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Breast malignant, males, children

Miscellaneous

Frozen sections


Reviewer: Monika Roychowdhury, M.D. (see Reviewers page)
Revised: 18 November 2012, last major update August 2012
Copyright: (c) 2001-2012, PathologyOutlines.com, Inc.

See also sentinel lymph nodes

Uses by pathologists
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● Historically used for primary diagnosis, not anymore (Pathologica 2011;103:325)
● Now used to evaluate margins at lumpectomy and reduce need for subsequent surgery (Ann Surg Oncol 2007;14:2953, J Am Coll Surg 2005;201:194, Scand J Surg 2009;98:34)
● Diagnosis of non-core specimens, although limitations include artifacts, sampling or interpretation errors, and in situ carcinoma only; recommended to use FNA, core biopsy or imaging as preoperative diagnostic tools (Tumori 1999;85:15)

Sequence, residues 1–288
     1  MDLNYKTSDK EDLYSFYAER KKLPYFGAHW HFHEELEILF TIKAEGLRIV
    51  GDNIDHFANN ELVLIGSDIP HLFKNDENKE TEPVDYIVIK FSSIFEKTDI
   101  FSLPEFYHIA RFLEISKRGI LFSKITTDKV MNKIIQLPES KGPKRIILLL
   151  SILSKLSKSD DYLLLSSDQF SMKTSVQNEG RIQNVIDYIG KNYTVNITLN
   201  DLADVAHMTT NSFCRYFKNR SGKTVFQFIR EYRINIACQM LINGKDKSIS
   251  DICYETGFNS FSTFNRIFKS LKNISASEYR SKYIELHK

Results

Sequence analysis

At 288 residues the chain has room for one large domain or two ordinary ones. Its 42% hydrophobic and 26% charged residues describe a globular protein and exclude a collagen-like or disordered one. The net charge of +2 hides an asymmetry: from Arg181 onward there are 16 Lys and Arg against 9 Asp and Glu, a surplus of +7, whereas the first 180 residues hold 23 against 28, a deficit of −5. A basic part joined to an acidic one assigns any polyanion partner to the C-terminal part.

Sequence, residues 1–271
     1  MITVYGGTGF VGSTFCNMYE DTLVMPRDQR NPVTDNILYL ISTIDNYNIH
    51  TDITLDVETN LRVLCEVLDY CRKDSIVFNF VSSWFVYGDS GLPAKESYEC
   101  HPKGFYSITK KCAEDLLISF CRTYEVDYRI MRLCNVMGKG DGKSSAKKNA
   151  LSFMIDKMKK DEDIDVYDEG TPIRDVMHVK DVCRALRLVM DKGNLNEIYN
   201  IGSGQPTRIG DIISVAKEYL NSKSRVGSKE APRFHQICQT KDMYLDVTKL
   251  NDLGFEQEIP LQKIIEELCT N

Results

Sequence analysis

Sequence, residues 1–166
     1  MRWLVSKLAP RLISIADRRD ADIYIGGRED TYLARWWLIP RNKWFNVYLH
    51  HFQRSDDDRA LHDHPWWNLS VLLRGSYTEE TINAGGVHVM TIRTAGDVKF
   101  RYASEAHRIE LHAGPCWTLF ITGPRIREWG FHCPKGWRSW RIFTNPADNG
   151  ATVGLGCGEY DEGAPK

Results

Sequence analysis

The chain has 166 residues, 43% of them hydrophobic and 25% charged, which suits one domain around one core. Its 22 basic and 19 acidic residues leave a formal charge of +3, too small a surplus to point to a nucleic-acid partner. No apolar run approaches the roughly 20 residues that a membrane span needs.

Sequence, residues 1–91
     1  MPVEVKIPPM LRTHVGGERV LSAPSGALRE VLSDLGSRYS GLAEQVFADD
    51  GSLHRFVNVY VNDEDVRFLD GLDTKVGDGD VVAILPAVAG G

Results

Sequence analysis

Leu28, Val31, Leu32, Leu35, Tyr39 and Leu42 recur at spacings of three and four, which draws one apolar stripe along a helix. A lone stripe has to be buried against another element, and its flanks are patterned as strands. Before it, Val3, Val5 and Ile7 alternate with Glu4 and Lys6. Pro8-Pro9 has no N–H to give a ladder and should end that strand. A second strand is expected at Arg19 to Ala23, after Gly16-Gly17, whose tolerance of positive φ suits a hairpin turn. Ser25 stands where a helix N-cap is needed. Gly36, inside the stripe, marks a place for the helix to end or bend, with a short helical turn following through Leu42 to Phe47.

● Frozen sections for ultrasound guided core needle biopsies may reduce patient stress waiting for paraffin results (BMC Cancer 2009;9:341)

Questions to ask prior to frozen section or intraoperative assessment (if any answer is no, donít do frozen section):
● Is tumor > 1.0 cm?
● Will there be adequate essential diagnostic material after frozen section?
● Will additional material be sent after a biopsy is evaluated?
● Will diagnosis have immediate and relevant impact on operative management of patient?

Note: some specimens may not be diagnostic at frozen section, including adenosquamous carcinoma-low grade (Histopathology 2006;49:603)

Gross images
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Tumor with positive margins (Fig 1A/1B)

Micro images
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Infiltrating ductal carcinoma (Fig 1A/1B)

Additional references
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Arch Pathol Lab Med 2005;129:1565, Ann Surg Oncol 2012;19:3236

End of Breast malignant, males, children > Miscellaneous > Frozen sections


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